Acute Mountain Sickness

If you are not feeling well at altitude, it’s altitude sickness until proven otherwise.

Anyone could be struck by the altitude sickness, even at relatively low altitudes such as 8000 ft. (2450 m). But in general people going in higher altitudes in rush without proper acclimatization are more severely affected. People who fly to a high altitude and then proceed to an even higher area or cross a pass should be especially wary. So, those hiking up will have fewer problems than those flying up. Serious illness occurs in perhaps less than 2% of people who go to high altitudes.

Altitude illness can be prevented by acclimatization that is by a gradual rate of ascent, allowing sufficient rest at various intermediate altitudes. The proper amount of rest and rate of ascent vary greatly from individual to individual. Dr. Charles Houston, who has done extensive research at high altitudes, says a cautious rate of ascent that would ensure comfort and safety for almost anyone is to take five days to reach 11,000 ft. (3350 m) and six more days to reach 15,000 ft. (4500 m). Above 15,000 ft. (4500 m), climb 500 ft. (150 m) a day.

There are other factors besides a slow rate of ascent that help in acclimatization. A large fluid intake to ensure good hydration is a key. Four liters or more a day of liquid are usually necessary. This can be water, tea, soup, or broth. Alcoholic drinks should be avoided by dehydrated individuals and at high altitudes by everyone. The effect of alcohol in high altitude may be impossible to distinguish from symptoms of altitude illness.

Proper nutrition is another factor in acclimatization. Caloric intake should be maintained and the diet should be high in carbohydrates. The tasty potatoes found at high altitudes in Nepal are an excellent source of carbohydrates. A good appetite is a sign of acclimatization. Avoid an excessive salt intake at high altitudes. Don’t take salt tablets.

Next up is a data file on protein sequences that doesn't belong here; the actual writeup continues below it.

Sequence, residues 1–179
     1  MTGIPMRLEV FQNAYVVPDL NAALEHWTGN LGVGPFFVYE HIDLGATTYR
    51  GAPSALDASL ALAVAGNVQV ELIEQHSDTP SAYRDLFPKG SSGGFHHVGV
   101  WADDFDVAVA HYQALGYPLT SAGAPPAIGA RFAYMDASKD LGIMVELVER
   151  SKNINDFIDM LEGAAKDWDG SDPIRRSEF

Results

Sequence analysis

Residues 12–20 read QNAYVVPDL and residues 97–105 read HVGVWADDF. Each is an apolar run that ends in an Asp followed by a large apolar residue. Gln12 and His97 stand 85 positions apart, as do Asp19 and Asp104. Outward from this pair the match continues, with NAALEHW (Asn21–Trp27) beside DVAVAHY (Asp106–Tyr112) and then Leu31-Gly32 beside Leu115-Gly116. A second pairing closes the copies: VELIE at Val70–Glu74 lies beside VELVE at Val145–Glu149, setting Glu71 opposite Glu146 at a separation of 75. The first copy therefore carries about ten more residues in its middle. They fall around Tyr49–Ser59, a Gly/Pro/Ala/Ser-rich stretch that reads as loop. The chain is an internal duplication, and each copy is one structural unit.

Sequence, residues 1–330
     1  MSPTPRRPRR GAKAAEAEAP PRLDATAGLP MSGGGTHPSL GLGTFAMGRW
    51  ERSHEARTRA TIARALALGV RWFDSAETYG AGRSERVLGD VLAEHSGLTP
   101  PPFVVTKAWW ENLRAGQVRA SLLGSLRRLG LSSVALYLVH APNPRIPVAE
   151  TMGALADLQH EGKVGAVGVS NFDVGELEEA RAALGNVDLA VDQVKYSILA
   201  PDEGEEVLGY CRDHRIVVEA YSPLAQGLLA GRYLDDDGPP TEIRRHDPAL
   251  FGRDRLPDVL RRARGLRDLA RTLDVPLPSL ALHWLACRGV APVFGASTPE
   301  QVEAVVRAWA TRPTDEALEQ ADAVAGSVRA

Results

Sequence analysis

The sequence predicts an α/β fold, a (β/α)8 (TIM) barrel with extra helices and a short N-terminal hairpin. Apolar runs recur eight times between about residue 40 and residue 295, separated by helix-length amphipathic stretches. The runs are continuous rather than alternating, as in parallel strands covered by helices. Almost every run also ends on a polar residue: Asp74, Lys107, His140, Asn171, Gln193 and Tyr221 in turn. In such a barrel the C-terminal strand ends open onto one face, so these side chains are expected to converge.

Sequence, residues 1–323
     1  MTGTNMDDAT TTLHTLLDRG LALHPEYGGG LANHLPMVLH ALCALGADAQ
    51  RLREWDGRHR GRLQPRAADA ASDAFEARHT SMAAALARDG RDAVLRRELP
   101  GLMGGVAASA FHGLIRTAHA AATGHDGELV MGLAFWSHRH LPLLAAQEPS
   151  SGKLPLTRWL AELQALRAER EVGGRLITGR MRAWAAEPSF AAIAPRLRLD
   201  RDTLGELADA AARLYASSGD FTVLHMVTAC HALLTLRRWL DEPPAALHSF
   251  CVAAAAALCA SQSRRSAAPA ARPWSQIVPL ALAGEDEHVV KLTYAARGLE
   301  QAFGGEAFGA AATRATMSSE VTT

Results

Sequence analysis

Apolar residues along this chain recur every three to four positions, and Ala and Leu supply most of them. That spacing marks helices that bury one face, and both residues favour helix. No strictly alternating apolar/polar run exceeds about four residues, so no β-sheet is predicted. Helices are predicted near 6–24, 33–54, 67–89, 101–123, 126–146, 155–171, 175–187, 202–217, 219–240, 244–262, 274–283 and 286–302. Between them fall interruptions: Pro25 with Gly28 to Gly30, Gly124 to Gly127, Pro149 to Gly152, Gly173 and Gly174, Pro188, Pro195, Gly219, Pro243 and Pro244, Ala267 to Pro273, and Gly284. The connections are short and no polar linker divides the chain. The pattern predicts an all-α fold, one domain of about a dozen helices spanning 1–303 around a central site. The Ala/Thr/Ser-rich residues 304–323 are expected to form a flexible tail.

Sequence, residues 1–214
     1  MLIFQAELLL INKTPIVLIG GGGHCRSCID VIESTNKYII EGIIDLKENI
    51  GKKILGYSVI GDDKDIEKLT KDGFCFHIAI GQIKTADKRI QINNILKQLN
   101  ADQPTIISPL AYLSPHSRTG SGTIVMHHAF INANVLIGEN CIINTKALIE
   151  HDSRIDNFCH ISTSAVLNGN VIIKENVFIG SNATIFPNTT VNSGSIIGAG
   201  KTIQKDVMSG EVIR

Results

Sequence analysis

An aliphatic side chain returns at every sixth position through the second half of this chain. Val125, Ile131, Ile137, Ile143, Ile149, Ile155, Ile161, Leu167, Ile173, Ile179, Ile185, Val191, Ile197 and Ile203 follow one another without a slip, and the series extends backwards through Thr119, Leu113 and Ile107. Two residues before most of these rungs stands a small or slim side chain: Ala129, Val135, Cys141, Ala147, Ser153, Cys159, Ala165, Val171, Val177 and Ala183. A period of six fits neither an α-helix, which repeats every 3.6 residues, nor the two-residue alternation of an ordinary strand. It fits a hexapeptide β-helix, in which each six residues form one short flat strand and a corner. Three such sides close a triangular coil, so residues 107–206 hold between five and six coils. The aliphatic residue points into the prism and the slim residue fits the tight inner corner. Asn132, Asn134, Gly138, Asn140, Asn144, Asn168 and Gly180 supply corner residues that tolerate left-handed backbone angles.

Rest is also important. Over – exertion does not help acclimatization. Give up part of your load. Avoid going so fast that you are always stopping short of breath with your heart pounding. You can plan modest objectives for each day so that you will enjoy your stay in the heights.

Deep breathing helps to reduce the mild symptoms of altitude sickness. However, if done to excess, it can produce the hyperventilation syndrome in which shortness of breath, dizziness, and numbness are present. Breathing in or out of a large paper or plastic bag for a few minutes will relieve these symptoms.

Finally there is a drug that may help in coping with high altitude in certain situations. Diamox has been shown to be beneficial in those who fly to high altitudes. The dose is 250 mg by mouth twice a day begun two days before the flight and continued for three days after ascent. Side effects often noted are an increased urine output, and some numbness and tingling. Trekkers flying into a high altitude area such as Lukla, Shyangboche, Jomsom or Manag might consider taking it. They should not take it routinely because of its side effects. The drug only prevents certain symptoms and not the serious life threatening ones.

Most people trekking to high altitudes experience one or more mild symptoms of altitude illness. The symptoms include:

  • Nausea
  • Loss of appetite
  • Mild shortness of breath with exertion
  • Sleep disturbance
  • Breathing irregularity, usually during sleep
  • Dizziness or light headedness
  • Mild weakness
  • Slight swelling of hands and face
  • Serious Symptoms of altitude illness are a grave matter. They include:
  • Marked shortness of breath with only slight exertion